3. Unsurprisingly your posts are always very familiar to my own memories. : ) In both my professional and personal life I deal with “internet-people” most of the time, and I can always tell when they’re addicts (and especially alcoholics) because we all have had that savior complex, or maybe it’s light narcissism, where we think we can save everybody else even though we can’t even save ourselves. I spent a huge amount of time on forums when I still drank, giving everyone else advice about how to get sober, often an hour or two before I crushed a case of beer myself.

    I can laugh about it now; the pain of shame and embarrassment are long gone, but I remember what it was like to cringe every time something triggered a memory. I hope you’re mostly over that as well. It wasn’t you, really.

    Liked by 2 people

    1. Thanks so much for this… haha yes I’ve seen some of that around. I agree about the saviour complex too. And yes I’m getting over the cringe-factor for sure… but I think with the internet (sober or not) the whole socially-at-ease-thing just takes practice and time really… though sustained sobriety definitely helps keep things more simple!! ;))

      Liked by 1 person

  4. Whoa, this is totally relatable! But the drunken invitation came from a place of concern and compassion, so you don’t need to beat yourself up over that. Was that movie Instant Family? We LOVE that movie here. We’ve watched it so many times, the acting is brilliant and the kids are amazing.

    Liked by 1 person

    1. Thank you, that is super kind… and yes! It was Instant Family!! Ok so I wasn’t just completely delusional, haha… I was so into this movie! :))) xoxo


  5. Thanks for sharing this Nadine! I can so relate. I have had times in the past where I said yes to things like taking my daughter somewhere the next day or whenever actually but if I had a level head the day I said I’d take her was actually really a bad time to squeeze that in. I could have thought and suggested a different date. I struggled though and keep my promise but life could have been a lot easier if I had a level head when she asked me.

    I can so relate to social anxiety. I can go way back to high school years as to why I drank and social anxiety was #1. Everyone loved having me around. I was the life of the party and always happy and chatty. In reality that wasn’t the real me. I am usually happy and chatty but only when I feel comfortable. Showing up to events/parties with a buzz was definitely a shield I put up. I have moved on over the years and most of those girls I don’t hang around these days ( life ) however I do know they never really knew me as well as they thought.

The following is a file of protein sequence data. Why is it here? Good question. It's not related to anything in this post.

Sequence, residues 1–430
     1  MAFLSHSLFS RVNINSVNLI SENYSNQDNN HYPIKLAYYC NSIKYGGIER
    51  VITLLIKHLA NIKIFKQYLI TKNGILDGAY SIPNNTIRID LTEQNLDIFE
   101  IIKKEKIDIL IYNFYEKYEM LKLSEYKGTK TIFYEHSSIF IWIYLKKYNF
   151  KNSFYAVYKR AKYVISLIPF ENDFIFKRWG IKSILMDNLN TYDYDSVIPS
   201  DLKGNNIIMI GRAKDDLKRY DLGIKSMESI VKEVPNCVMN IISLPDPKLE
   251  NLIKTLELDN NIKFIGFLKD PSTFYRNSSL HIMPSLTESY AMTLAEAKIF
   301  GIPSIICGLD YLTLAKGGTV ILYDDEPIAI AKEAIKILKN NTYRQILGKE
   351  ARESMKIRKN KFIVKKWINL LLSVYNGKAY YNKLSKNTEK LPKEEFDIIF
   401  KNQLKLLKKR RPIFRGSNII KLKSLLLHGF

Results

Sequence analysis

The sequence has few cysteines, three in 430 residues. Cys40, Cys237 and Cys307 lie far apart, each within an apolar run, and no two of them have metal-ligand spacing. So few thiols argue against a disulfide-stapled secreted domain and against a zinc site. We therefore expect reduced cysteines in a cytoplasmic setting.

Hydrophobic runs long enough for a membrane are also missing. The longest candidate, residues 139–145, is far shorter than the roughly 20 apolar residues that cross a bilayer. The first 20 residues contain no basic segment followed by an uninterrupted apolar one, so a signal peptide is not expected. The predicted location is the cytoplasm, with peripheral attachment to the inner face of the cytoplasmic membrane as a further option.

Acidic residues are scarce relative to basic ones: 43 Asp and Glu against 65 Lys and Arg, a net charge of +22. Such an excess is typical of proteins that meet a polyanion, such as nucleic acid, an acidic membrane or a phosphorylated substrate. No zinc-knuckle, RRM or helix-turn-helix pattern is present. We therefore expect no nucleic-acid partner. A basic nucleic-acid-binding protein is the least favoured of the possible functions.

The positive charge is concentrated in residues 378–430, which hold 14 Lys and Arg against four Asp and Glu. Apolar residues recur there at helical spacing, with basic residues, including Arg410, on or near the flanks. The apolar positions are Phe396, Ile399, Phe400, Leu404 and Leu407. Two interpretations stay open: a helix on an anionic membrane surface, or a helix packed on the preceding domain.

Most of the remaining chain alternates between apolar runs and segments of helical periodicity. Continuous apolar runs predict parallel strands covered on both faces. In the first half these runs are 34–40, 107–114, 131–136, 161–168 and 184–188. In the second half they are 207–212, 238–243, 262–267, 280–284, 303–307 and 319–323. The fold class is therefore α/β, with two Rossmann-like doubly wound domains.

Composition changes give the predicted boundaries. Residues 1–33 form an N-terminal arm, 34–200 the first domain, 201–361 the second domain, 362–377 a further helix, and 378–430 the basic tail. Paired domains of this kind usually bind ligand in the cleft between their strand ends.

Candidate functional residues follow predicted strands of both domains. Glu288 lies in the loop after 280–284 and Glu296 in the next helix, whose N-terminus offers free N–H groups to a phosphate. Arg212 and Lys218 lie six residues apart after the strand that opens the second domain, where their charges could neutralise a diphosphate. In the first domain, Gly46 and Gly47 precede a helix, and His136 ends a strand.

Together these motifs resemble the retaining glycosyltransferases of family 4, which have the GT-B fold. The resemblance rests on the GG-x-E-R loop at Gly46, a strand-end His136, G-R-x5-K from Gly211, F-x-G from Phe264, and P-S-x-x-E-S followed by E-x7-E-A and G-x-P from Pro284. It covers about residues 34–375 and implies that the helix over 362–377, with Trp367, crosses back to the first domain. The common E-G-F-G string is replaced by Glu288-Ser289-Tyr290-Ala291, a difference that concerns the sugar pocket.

Anywho I’m rambling. 😂 Super exciting on a month down! You are doing awesome! Have to get back to work! 😘

    Liked by 1 person

  6. today i am on my 6th week of sobriety again. I too have found it easier this time around even though i have had some “moments”. Probably because of having so many other (health)issues that prevented me from drinking the last month or so and right now also trying to quit smoking has taken a front seat. It’s SO much harder for me to quit cigarettes than alcohol. I knew when i first got sober i would have to wait at least a year, and thats what i did- which made it easier to quit since i smoked the most when i drank. This time i didn’t wait as long . I desperately want to get back on track. Been reading many sober blogs tonight and grateful for every one.

    Liked by 2 people

    1. Thanks for the beautiful comment Lovie. Yes happy to not be tied to smoke-o-clock obsession either, anymore. Will be three years for me soon… hope it’s going well. Lot of love to you xoxo

      Liked by 1 person

  7. I really loved this post, Nadine. I am so glad you are proud of yourself for reaching out even though it was scary. You should be! It’s hard to do, but so worth it. I definitely have the same challenge with people. Congratulations on one month! 💕

    Liked by 1 person

    1. Hey Dwight, thank you so much. :)) It is going well, yesterday was 8 weeks! I am still going to meetings once or twice a week. Hope you are well too. Coming over to visit now… :))

      Liked by 1 person

          1. Dwight! Sorry for the late reply… haas been a while since I logged in here. I’m at 14.5-ish months and still going. :)) Thank you so much for checking in. I’m so grateful for all the caring you do in the sobriety community!! 🙏💗

            Liked by 1 person

  8. Reading another alcoholic’s story always gives me so much more insight into my own. It’s such a necessary part of my recovery I’m finding. Thank you for sharing. I felt every word. The extremes. The exhausting roller coaster. I am 46 days sober (again). Blessings to you. Keep sharing when you need and I will keep listening.


    1. I love sobriety. It’s even-keel and perspectivizing. I still don’t think of myself as alcoholic. Whether I was one or not, and whether not labelling myself as such is a good thing or a bad thing. But I do know I prefer sobriety. I was on a particular path and had a particular goal in mind before. Sometimes I need re-reminding. Definitely the stories of others in help with that. With any luck, I also help by sharing, listening and supporting. Congrats on your 46 days, that is truly wonderful. Thanks so much for reading and commenting. 💗